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STAGE I Call to adventure --some new threat or challenge appears in the protagonist's community.
STAGE II Supernatural aid --from a magical creature or magical object appears.
STAGE III Confrontation --The hero confronts the threshhold of danger, often a guardian or villain, that thrwarts him.
STAGE IV Education --Aid comes from a helper and/or mentor figures to show him how to bypass challenges and temptations.
STAGE V Revelation --The hero experiences revelation--often in the form of an abyss or a symbolic death and rebirth.
STAGE VI Resurrection --The hero is transformed, resurrected, or somehow makes atonment, often receiving a concrete or abstract gift from a divine source like a god or goddess-figure
STAGE VII Return --The hero returns home. Once there, he re-establishes order or peace, often becoming a new ruler.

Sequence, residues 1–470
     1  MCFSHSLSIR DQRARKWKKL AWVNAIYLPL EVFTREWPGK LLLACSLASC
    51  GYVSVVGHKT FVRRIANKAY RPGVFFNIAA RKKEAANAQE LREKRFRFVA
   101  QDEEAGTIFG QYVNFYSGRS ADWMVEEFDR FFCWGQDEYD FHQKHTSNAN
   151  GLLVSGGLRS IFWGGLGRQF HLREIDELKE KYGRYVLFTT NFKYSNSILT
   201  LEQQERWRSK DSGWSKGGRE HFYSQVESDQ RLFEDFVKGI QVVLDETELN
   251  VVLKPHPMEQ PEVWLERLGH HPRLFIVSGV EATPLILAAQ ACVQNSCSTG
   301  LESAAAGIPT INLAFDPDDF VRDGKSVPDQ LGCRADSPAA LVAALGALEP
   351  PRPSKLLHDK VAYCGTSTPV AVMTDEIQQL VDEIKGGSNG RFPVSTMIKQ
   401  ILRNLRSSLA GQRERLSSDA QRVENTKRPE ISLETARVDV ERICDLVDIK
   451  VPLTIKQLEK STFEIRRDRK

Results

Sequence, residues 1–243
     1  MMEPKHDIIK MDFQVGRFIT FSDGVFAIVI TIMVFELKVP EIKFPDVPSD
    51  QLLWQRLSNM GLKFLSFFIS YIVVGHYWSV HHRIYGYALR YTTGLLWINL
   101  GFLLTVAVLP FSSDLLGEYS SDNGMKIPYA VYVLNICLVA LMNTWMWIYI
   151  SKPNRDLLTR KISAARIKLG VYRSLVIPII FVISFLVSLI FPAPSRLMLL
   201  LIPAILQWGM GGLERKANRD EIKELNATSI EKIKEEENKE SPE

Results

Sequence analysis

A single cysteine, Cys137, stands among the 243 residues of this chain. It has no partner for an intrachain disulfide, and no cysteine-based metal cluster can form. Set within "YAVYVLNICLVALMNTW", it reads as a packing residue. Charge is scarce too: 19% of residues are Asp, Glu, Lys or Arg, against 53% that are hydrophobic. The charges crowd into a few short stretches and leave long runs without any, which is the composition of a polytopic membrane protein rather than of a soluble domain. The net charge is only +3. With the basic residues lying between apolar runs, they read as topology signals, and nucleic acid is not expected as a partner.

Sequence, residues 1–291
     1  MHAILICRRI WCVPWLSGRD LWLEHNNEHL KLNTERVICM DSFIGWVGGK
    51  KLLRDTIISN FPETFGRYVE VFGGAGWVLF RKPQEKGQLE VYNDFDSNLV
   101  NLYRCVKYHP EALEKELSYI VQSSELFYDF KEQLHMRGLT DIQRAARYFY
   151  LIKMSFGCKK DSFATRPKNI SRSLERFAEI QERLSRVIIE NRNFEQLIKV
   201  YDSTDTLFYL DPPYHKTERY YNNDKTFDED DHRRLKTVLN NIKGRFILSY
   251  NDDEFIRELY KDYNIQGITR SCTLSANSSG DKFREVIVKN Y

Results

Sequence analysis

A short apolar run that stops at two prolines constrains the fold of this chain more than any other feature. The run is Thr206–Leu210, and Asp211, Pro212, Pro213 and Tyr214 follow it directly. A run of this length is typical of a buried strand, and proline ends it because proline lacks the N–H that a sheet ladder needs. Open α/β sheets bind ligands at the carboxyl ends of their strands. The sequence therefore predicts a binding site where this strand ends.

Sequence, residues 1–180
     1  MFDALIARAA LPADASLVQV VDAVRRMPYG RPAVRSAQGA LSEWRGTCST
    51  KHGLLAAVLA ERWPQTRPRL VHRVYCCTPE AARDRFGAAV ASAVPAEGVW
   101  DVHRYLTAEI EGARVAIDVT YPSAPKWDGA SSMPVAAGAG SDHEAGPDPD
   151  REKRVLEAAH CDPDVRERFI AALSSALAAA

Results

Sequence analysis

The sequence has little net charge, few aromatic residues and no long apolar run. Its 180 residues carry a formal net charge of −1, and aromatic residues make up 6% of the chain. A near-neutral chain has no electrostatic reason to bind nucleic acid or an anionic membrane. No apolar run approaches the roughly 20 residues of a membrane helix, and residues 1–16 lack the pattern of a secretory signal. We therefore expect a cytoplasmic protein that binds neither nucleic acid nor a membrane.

The value-premises upholding academic research have been maintained by what Lyotard considers to be quasi-mythological beliefs about human purpose, human reason, and human progress—large, background constructs he calls " metanarratives ". These metanarratives still remain in Western society but are now being undermined by rapid Informatization and the commercialization of the university and its functions. The shift of authority from the presence and intuition of knowers—from the good faith of reason to seek diverse knowledge integrated for human benefit or truth fidelity—to the automated database and the market had, in Lyotard's view, the power to unravel the very idea of "justification" or "legitimation" and, with it, the rationale for research altogether, especially in disciplines pertaining to human life, society, and meaning. We are now controlled not by binding extra-linguistic value paradigms defining notions of collective identity and ultimate purpose, but rather by our automatic responses to different species of "language games" (a concept Lyotard imports from J. L. Austin 's theory of speech acts ). In his vision of a solution to this "vertigo", Lyotard opposes the assumptions of universality , consensus, and generality that he identified within the thought of humanistic, Neo-Kantian philosophers like Jürgen Habermas , and proposes a continuation of experimentation and diversity to be assessed pragmatically in the context of language games rather than via appeal to a resurrected series of transcendentals and metaphysical unities.